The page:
The invention will now be described with reference to the drawing figures, in which like reference numerals refer to like parts throughout. For purposes of clarity in illustrating the characteristics of the present invention, proportional relationships of the elements have not necessarily been maintained in the drawing figures.
Reference numeral 10 designates generally a cup carrier 10 formed of a resilient material, such as molded fibrous pulp. The cup carrier 10 may be manufactured by molding fibrous pulp against molds or dies in a process and manner well-known in the art. In an alternative embodiment, the cup carrier 10 may be made from other materials, such as plastics, foams, or other materials having desirable strength and resiliency.
The cup carrier 10 has at least one cup-holding socket 12 molded therein to securely hold beverage cups of a variety of shapes and sizes. Such cups may be of a conventional style having a frustoconical sidewall with a circular cross-section and a bottom wall secured thereto. The cups may also include “step-walled” cups wherein the bottom portion of the cup is smaller in diameter than the top portion of the cup. The cups may have a flat bottom surface or a rimmed bottom surface and can be made from materials such as plastic, paperboard, foam, or the like. The cups may have a variety of capacities, for example, ranging from compact cups capable of holding only 4 ounces of liquid to very large “step-walled” cups capable of holding 44 ounces of liquid.
Each cup-holding socket 12 comprises at least two stabilizing shoulders 14 positioned in a spaced apart arrangement around the socket 12. The stabilizing shoulders 14 may be positioned at a level substantially equal to the top surface 62 of the rim 18, as depicted in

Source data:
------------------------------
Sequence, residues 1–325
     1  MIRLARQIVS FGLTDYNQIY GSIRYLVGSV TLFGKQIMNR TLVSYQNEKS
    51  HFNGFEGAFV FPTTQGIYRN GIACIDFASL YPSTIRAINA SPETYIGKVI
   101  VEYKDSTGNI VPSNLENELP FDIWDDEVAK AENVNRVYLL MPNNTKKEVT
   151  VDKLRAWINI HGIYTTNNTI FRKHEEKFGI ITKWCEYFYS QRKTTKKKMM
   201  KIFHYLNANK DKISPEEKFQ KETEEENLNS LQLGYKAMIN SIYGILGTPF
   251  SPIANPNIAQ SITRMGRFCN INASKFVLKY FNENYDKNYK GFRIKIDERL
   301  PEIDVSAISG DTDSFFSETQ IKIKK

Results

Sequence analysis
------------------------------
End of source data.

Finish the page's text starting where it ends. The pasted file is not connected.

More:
Each socket 12 is provided with a floor 28. The socket floor 28 is integrally molded with sidewall portions 20 that are located around socket 12 between the stabilizing shoulders 14. The socket floor 28 optionally has reinforcing ribs 44 associated therewith. The reinforcing ribs 44 are slightly raised above the socket floor 28, normally to a distance between 1/16-¼ of an inch. In the embodiment illustrated in
In one embodiment, the reinforcing ribs 44 comprise horizontal portions 46 associated with the socket floor 28 and generally vertical portions 48 connected therewith that extend at least partially up the sidewalls 20, as best shown in
The bottom of a cup inserted into the cup-holding socket 12 normally, though not always, will rest on a cup-contacting surface. The cup-contacting surface can either be the top surface of the floor 28, or if reinforcing ribs 44 are present, then the top surface 50 of the reinforcing ribs 44. If the cup-contacting surface is the top surface of the socket floor 28, then the bottom of the cup will rest directly on the socket floor 28. When the top surface 50 of the reinforcing ribs 44 is the cup-contacting surface, then the bottom of the cup is slightly elevated above the socket floor 28. In the embodiments shown in